Rob Kiser who was on his way south to meet me so that we could ride Big Sur together had experienced a little emergency: his Honda XLR650 had just died. I called him and found out that he was stranded on a remote stretch of road "way out on the boonies". Imagine that last bit spoken in a Mississippi southern drawl.
Not to worry, he said, a tow truck was on the way to fetch him & the bike.
I got a text from him a few hours later: "the tow truck never showed up". So I called him again. It seems that after he realized the tow truck was never coming, he tried to hitch a ride, but nobody wanted to pick up a scruffy looking guy wearing camo pants and army boots carrying a ragged canvas bag full of who knows what. He finally dragged his bike to the side of the road and laid it down to make it look like he'd crashed, and tricked someone into stopping and then guilt-tripped them in to letting him ride back with them to Monterey or wherever, and they dropped him off at a motel.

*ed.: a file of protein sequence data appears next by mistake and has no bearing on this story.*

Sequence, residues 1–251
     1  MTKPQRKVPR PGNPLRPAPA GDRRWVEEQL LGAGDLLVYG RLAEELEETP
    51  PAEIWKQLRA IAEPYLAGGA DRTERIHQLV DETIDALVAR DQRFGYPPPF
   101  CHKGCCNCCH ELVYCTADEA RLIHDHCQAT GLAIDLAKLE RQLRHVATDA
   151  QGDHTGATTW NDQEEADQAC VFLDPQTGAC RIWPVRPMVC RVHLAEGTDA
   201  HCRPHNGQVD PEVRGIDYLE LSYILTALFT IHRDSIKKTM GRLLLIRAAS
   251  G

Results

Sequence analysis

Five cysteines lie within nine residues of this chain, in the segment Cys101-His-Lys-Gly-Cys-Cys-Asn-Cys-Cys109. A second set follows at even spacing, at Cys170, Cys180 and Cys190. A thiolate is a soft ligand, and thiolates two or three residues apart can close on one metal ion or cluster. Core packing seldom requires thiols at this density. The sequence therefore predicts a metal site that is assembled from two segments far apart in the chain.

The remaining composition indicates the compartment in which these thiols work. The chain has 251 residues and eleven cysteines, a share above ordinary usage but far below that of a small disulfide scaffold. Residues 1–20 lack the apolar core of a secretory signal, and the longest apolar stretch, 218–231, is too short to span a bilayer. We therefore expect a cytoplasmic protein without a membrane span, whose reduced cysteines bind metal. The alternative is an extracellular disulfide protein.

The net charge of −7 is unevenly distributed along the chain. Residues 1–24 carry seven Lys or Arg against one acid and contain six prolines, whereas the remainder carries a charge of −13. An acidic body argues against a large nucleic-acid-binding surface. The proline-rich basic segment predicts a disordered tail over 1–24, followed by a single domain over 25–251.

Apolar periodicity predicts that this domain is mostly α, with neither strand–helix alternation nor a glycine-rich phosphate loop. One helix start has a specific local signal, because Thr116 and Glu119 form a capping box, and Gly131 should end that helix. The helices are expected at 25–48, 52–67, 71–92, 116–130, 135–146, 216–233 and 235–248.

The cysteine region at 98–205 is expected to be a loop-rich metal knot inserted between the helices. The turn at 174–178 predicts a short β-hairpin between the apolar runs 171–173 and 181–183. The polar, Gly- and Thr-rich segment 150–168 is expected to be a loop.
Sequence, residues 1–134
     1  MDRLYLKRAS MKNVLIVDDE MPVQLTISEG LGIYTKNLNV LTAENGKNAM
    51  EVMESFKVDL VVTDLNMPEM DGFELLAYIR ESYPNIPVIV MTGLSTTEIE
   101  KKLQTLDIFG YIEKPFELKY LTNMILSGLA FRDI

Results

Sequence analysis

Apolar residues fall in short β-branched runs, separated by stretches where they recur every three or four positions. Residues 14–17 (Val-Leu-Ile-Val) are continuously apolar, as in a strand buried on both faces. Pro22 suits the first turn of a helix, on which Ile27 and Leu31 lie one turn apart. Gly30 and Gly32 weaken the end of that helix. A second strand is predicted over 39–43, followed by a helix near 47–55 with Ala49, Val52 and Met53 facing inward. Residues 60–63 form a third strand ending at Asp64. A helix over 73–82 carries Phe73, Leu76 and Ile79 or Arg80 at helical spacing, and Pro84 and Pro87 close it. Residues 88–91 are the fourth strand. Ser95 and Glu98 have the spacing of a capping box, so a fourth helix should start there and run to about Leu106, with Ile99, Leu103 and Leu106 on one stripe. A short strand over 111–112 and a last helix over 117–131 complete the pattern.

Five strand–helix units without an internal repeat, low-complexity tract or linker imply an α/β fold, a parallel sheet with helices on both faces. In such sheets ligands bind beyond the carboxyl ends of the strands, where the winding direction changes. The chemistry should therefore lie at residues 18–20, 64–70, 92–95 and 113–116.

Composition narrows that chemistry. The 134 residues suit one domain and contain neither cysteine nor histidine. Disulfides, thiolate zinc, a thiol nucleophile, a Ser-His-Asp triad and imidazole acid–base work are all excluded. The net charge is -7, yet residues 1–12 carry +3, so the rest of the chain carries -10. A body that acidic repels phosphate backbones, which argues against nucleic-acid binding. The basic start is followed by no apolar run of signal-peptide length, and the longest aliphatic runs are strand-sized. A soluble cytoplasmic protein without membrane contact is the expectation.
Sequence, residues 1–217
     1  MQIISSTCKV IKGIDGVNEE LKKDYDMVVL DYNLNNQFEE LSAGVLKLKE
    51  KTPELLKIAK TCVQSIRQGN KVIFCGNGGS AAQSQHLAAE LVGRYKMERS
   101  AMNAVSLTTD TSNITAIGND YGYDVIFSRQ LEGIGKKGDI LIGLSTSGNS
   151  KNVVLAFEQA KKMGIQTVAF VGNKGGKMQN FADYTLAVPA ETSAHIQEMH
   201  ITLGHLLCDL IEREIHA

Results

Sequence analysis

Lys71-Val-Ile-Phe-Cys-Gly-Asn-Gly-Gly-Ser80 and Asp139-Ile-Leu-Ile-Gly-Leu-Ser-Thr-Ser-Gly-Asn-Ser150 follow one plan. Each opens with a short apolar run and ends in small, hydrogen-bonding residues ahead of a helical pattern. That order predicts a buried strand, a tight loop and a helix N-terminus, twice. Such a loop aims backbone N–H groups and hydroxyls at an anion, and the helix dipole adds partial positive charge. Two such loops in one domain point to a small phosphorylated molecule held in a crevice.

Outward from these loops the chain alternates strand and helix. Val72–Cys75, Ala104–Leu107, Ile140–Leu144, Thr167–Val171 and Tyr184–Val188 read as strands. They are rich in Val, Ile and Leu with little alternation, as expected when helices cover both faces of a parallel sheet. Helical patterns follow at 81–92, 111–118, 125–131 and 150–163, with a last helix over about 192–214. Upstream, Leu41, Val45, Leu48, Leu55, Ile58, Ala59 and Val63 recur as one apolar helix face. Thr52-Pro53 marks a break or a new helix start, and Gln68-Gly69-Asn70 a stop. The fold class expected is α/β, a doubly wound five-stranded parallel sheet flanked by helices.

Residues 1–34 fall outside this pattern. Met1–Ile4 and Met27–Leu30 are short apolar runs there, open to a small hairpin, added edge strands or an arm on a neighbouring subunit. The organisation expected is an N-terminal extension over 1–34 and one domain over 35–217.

"Where's the bike?" I asked.
"Near Lucia, I think."
"Did you get a mile marker?"
"No dude! I was in the middle of nowhere, out in the boonies! Can you look for it tomorrow and tell me where it is?"
"Uh, ok. What do you want me to do if I find it?
"Push it over the cliff!"
Imagine my surprise when I found this poor, sad-looking, lonely, beat-up XLR about three miles north of Lucia.
I swear I could hear little Honda sobs as I drove away, but I learned later that Rob had it picked up later that evening. So much for riding with LiveWire this trip.
One of the things I enjoy about riding is some of the other riders I meet. I bumped into these guys while checking out the elephant seals on a beach south of Big Sur. They bought me a coffee a bit later up the road.
Check out the elephant seals, there must be a thousand of them basking in the 58 degree weather. I'm the one in the red sunglasses.
A flowering bush outside my room in Pismo.